Can't Get The Salary You Want? Negotiate For These 7 Benefits

negotiate non-salary benefits

By Debra Auerbach


You've been waiting for this moment ever since the interview ended. You receive a call from the company's hiring manager, who says those six magic words: "We'd like to extend an offer." You're excited, but the hard work isn't over yet. It's time to talk about salary and benefits.

While salary is often the first item up for negotiation, the volatile economy has made it more difficult for job seekers to reach their monetary goals. If you don't think there's much wiggle room in the salary department, consider asking for non-salary benefits to sweeten the deal.

1. Prioritize your list.

The first step when considering what non-salary benefits to negotiate is to think about what's important to you. Don't hand the hiring manager a laundry list of requests; rather, you should be strategic about what you ask for to increase your chances for success. If you're commuting into the city from the suburbs, would flexible hours help you beat the traffic? Do you have a young child and want to work from home one day a week? That might reduce your need for a babysitter, which would save you money.


2. Do your research.

"Don't guess; do your homework," says Jim Camp, negotiating expert and author of "No: The Only System of Negotiation You Need for Work and Home." "Do some research to find out what others in your position or at similar companies are getting in the way of benefits. Possibilities include vacation time, sick days, paid development and training, advanced degree sponsorship (i.e., MBA), company car, expense account, profit-sharing, company shares and so on. The more realistic information you have, the better prepared you will be."

Also research the company itself -- how it's doing and where it might be struggling, so you will ask for items the company can afford and steer clear of sensitive subjects. "If you work in an already overburdened or short-staffed department, asking for additional vacation time might not be realistic, but it could be easy to ask to be able to work from home," says Rita Friedman, a certified career coach specializing in career transitions. "If your company recently scaled back its benefits plan, it's probably not a good time to ask to be a special exception, but maybe you can get tuition assistance or have the company send you to trainings that will benefit your own career development."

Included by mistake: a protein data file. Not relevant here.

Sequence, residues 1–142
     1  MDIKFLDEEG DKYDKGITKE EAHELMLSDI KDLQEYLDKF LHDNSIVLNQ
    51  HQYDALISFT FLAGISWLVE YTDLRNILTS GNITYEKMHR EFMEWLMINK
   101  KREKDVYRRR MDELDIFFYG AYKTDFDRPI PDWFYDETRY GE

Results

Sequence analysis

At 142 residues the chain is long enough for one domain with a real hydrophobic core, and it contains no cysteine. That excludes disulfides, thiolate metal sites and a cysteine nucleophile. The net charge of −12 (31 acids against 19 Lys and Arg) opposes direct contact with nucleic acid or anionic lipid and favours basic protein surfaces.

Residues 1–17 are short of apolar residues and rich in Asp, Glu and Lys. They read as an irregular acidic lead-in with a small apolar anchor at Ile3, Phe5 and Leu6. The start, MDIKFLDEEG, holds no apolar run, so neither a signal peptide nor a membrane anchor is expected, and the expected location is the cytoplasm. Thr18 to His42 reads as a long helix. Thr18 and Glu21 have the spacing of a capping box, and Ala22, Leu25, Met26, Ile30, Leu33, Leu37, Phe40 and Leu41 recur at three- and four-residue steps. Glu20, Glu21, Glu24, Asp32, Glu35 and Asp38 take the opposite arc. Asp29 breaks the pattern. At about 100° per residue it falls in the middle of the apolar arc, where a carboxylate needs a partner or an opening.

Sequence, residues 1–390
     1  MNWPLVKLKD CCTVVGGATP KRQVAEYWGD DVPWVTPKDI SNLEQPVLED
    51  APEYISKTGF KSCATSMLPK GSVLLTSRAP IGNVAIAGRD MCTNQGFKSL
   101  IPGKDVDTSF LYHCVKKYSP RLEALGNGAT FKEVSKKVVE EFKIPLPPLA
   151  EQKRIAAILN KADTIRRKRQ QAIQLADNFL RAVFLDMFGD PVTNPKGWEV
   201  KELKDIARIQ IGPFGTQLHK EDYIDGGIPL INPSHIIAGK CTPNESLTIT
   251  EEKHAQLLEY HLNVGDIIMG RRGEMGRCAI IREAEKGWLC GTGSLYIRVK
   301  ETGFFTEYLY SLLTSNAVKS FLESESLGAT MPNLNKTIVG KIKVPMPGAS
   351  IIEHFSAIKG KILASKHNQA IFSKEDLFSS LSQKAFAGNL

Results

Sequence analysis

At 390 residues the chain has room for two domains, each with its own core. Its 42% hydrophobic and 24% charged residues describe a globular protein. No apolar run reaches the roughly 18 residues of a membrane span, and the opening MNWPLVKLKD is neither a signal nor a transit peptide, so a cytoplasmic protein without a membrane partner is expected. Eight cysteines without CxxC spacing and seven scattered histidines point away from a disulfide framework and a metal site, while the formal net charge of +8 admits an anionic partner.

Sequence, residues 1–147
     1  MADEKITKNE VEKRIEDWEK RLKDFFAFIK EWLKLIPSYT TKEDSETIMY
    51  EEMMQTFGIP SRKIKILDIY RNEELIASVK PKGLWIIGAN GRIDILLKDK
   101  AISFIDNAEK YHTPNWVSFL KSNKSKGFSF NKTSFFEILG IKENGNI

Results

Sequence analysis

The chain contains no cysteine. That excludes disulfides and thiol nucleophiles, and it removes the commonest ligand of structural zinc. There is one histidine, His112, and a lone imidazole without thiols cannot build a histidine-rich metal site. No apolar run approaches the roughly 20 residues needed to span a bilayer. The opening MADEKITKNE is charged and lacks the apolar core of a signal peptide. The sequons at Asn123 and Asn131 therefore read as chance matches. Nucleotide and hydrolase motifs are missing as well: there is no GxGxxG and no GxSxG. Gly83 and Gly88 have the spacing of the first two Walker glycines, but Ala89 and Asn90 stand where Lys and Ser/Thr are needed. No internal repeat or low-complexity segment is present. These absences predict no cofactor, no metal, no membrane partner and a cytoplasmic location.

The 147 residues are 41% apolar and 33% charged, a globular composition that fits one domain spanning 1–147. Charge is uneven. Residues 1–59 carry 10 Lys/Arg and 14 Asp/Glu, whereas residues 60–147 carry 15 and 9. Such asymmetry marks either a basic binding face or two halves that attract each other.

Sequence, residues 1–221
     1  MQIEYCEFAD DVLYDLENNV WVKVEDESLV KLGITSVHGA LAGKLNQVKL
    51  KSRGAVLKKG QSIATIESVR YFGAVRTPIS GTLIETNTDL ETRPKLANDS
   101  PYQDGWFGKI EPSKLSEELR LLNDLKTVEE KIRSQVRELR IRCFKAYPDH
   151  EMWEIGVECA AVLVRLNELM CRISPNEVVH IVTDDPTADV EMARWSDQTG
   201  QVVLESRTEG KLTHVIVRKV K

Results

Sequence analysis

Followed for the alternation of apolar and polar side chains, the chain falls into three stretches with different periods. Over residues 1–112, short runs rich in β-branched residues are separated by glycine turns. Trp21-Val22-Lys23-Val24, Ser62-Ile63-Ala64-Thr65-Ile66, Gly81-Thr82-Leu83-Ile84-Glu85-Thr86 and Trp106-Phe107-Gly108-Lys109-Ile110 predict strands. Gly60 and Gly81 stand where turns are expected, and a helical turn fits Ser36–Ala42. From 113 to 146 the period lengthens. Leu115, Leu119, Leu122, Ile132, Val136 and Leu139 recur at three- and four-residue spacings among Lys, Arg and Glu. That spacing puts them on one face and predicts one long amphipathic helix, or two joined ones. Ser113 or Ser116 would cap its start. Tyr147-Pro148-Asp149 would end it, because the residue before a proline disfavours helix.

More: How To Get A Promotion: 4 Tips


3. Think beyond the present.

If the company can't offer you what you want during hiring negotiations, consider asking to revisit the conversation a few months down the line. "You should try to negotiate a six-month performance review," Friedman says. "Not only does it give you the chance to earn a raise sooner than if you were to wait a full year, but it can show the employer that you take constructive feedback seriously and are committed to doing the best possible job."

Friedman also reminds job seekers that negotiations shouldn't stop once they're employed and that they don't need to happen only during performance reviews. "Approach your boss with confidence and ask to schedule a 15-minute meeting to discuss your compensation. Beating around the bush or "bundling" this request with others does not speak to the fact [that] you believe you are worth more, so be bold. Have examples of your value ready to go; anything you can quantify, such as a 10 percent increase in office productivity or a major sale you secured, is the best type of evidence."


4. What to ask for.

Roy Cohen, career coach and author of "The Wall Street Professional's Survival Guide," shares these additional examples of non-salary items to negotiate:
  • Bigger, more impressive-sounding title: It's a great way to offset less money. It makes people feel better, and it is great for external branding. It's a step up with respect to leadership and responsibility that plays well out in the market, where you may find yourself at any point.

  • Housing subsidy: This is critical if you are relocating for a new job. If relocation and housing expenses are not covered, you may lose money in the move.

  • Guaranteed severance and outplacement services: If your job is eliminated through no fault of your own, severance will ease the transition. It is important if you have been recruited out of a stable situation and your new job is eliminated. The reality is that a severance package costs the company zero dollars if it is not exercised.

  • Wardrobe allowance: It is not unusual for individuals in client-facing roles in the fashion and entertainment fields to receive a wardrobe allowance. Make sure you know the standard operating procedure for your company. There may be some wiggle room here, especially if you will be working for an apparel manufacturer.

  • Conferences: Having access to current events in your industry and to key people at competing companies is a great pipeline for news, information and intelligence about the market. If you participate as a speaker or panelist, it helps your company be seen as a standard-setter for the industry. Don't be sure funding that is available. You need to ask and to demonstrate why conferences are valuable to both to you and to the company.

  • Child-care support: If you will be expected to work long hours or if overtime is customary, consider requesting a subsidy for child care.

  • Transportation: Make sure that you are reimbursed if your job involves regular travel. Alternatively, if you believe that the travel will be substantial and require a car, ask for a leased vehicle. It makes sense if you don't have a car or if your car has a lot of miles.


Debra Auerbach is a writer and blogger for CareerBuilder.com and its job blog, The Work Buzz. She researches and writes about job search strategy, career management, hiring trends and workplace issues.




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